NASHVILLE, TN – For a second time, the House of Representatives has impeached Donald Trump on a new charge of “incitement of insurrection”. He likely won’t be convicted because it requires a two-thirds vote in the U.S. Senate and the Democrats don’t have 67 votes.
For a guy who became President on a promise to drain the swamp in Washington, Trump’s acquittal rests with a denizen of that place, Senator Mitch McConnell, who has been trying to stop President Biden from rolling out his agenda by keeping the filibuster as one of the Senate rules. He gave up on that Tuesday, January 26. The Democrats can now seat their people in leadership positions on Senate committees. But the fate of the filibuster is still in question.
If the Democrats don’t nuke the 60-vote rule and kill the filibuster, Republicans will thwart Biden’s best-laid plans to reset the political landscape. This is much more serious and important than Trump’s impeachment because it will impact the next four years of the Biden administration.
But there is no question that Trump is guilty as charged. A number of news organizations like the AP and Bloomberg News reported that former Trump campaign aides organized the rally on January 6. Their names are listed on the park permits.
They collectively took $1,089,710 from the Trump campaign or one of his dark money donor shell companies and some of those aides were still on the payroll just a week before the attack on the Capitol.
The Trump campaign paid out a total of $2.7 million to individuals or companies behind the January 6 rally. Anna Massoglia of the Center for Responsive Politics followed the money. (see graph). In short, Trump paid for it.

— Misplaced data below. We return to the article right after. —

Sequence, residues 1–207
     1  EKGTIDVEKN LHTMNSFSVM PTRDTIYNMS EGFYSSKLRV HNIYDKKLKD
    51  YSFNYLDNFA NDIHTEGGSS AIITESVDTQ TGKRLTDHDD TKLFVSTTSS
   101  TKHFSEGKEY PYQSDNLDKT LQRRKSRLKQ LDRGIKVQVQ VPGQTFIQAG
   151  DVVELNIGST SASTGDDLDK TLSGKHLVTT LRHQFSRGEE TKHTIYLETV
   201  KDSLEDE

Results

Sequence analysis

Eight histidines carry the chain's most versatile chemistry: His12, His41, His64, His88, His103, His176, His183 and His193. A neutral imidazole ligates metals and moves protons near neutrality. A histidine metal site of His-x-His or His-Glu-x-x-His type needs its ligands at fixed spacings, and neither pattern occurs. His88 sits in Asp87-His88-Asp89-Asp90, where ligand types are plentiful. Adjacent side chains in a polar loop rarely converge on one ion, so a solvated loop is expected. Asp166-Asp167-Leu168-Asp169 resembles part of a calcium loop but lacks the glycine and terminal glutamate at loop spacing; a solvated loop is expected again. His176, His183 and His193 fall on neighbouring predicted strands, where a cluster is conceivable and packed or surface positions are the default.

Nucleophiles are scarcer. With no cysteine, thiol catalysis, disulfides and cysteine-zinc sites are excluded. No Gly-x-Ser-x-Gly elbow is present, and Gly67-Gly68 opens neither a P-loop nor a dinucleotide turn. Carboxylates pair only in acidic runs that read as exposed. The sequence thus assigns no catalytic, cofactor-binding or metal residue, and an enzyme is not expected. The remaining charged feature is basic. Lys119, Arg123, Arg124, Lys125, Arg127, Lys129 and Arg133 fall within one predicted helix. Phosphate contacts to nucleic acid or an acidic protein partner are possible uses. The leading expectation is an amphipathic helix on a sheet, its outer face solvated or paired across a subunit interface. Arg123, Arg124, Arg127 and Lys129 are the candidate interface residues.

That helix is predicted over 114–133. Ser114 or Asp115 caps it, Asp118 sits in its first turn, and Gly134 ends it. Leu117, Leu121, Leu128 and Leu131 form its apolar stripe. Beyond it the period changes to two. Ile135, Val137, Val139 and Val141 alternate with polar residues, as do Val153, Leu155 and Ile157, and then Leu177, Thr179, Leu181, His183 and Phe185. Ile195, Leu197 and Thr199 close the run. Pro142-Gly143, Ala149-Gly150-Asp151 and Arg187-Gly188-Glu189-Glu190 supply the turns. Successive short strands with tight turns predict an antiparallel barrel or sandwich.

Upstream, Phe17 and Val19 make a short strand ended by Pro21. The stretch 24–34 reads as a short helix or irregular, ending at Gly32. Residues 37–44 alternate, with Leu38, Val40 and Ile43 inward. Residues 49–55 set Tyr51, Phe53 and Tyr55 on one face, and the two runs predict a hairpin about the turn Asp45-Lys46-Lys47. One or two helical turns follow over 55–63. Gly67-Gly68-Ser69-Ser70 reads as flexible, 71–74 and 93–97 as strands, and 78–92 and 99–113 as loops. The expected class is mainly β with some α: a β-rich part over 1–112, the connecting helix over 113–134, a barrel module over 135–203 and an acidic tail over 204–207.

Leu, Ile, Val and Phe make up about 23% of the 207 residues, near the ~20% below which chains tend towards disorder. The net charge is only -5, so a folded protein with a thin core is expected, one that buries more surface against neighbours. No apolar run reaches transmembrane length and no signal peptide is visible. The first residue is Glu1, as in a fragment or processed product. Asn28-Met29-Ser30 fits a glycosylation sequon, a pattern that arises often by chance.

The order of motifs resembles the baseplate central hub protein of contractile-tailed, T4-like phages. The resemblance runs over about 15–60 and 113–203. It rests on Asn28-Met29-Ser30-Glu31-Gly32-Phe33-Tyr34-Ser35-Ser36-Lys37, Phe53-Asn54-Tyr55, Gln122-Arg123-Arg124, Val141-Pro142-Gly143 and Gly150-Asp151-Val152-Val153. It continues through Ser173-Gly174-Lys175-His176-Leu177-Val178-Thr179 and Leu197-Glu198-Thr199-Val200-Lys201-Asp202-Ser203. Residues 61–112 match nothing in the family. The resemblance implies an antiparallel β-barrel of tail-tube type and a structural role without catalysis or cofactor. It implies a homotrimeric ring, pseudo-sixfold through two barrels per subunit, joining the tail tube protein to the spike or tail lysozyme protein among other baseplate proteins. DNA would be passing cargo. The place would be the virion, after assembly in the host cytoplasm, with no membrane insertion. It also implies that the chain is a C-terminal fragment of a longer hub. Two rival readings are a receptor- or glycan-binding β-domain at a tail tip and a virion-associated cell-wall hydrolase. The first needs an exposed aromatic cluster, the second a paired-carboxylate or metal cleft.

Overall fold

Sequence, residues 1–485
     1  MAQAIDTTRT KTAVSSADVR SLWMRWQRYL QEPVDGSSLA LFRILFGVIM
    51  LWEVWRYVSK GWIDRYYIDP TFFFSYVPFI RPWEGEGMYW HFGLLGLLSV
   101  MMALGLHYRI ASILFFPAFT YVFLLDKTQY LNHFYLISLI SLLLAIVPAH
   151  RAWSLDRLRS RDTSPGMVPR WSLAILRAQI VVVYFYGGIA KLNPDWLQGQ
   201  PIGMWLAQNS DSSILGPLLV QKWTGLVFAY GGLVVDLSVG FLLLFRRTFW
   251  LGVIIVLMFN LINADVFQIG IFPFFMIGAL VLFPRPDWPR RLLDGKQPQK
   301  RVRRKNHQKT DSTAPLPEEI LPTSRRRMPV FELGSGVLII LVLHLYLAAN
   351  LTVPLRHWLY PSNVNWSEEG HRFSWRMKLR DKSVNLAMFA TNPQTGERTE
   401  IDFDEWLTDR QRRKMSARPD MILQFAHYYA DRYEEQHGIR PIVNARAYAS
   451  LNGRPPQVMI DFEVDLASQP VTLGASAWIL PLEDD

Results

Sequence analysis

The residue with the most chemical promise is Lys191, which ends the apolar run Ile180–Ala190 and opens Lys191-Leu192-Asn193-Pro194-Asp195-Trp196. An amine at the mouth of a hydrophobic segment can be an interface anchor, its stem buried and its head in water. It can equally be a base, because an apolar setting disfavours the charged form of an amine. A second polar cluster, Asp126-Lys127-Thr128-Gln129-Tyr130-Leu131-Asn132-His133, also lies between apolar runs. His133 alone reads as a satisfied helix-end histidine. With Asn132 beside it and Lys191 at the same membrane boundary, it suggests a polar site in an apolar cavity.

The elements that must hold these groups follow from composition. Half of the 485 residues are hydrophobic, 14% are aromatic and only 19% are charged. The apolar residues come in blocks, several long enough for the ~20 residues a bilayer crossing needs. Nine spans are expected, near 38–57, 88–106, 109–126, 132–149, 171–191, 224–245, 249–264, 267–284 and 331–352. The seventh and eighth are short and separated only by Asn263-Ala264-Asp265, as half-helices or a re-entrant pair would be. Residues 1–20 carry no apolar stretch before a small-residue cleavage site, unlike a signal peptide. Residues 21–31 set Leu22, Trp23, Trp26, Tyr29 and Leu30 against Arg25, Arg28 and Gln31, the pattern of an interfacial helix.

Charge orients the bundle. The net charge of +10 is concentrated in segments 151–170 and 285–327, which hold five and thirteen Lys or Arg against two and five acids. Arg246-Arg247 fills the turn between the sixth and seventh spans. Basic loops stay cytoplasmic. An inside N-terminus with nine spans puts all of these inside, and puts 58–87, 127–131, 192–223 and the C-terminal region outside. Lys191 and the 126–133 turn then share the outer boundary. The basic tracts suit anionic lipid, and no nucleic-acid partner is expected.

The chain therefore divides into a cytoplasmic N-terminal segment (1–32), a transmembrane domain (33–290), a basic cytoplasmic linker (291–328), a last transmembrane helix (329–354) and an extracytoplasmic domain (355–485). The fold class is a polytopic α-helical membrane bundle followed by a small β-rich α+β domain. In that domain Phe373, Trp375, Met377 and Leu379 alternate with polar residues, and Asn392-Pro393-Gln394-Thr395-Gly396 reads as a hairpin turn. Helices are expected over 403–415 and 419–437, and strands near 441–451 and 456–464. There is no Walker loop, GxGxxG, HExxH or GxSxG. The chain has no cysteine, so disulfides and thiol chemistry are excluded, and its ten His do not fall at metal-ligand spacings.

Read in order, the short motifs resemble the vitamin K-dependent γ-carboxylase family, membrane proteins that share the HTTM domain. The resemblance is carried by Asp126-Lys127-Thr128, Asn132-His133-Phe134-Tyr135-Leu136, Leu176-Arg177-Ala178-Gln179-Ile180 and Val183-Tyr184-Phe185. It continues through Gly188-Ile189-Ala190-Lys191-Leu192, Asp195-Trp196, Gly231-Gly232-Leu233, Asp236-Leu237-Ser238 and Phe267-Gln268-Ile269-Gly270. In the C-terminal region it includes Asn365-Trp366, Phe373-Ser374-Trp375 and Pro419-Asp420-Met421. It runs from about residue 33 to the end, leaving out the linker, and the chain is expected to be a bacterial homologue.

After whipping up the crowd for more than an hour, Trump called on his supporters to walk down Pennsylvania Avenue with him to the Capitol. They did by the thousands. Some had already started to move on the Capitol as Trump was speaking.
Then they overwhelmed the barricades manned by police and National Guardsmen, some of whom were quite chummy with the insurrectionists.
But where was Trump? According to Maggie Haberman of the New York Times, Trump did not march on the Capitol after his speech but returned to the White House and watched on television as his supporters breached and vandalized the Capitol.
Trump’s supporters searched for Nancy Pelosi and other top Democrats. It was a lynch mob turned loose by Trump and his political allies. But just like Trump, they were kind of clueless, milling about, and not quite believing what they had done or what they were supposed to do.
Sixteen minutes into his 73-minute speech Trump said: “After this, we’re going to walk down and I’ll be there with you. We’re going to walk down. We’re going to walk down any one you want, but I think right here. We’re going walk down to the Capitol, and we’re going to cheer on our brave senators, and congressmen and women. We’re probably not going to be cheering so much for some of them because you’ll never take back our country with weakness. You have to show strength, and you have to be strong.”
After speaking for more than an hour, Trump finished up with this:
“So we’re going to, we’re going to walk down Pennsylvania Avenue, I love Pennsylvania Avenue, and we’re going to the Capitol and we’re going to try and give… The Democrats are hopeless. They’re never voting for anything, not even one vote. But we’re going to try and give our Republicans, the weak ones, because the strong ones don’t need any of our help, we’re going to try and give them the kind of pride and boldness that they need to take back our country.
So let’s walk down Pennsylvania Avenue. I want to thank you all. God bless you and God bless America. Thank you all for being here, this is incredible. Thank you very much. Thank you.”
Trump didn’t march on the Capitol with his supporters. He abandoned them.
This story was updated January 26.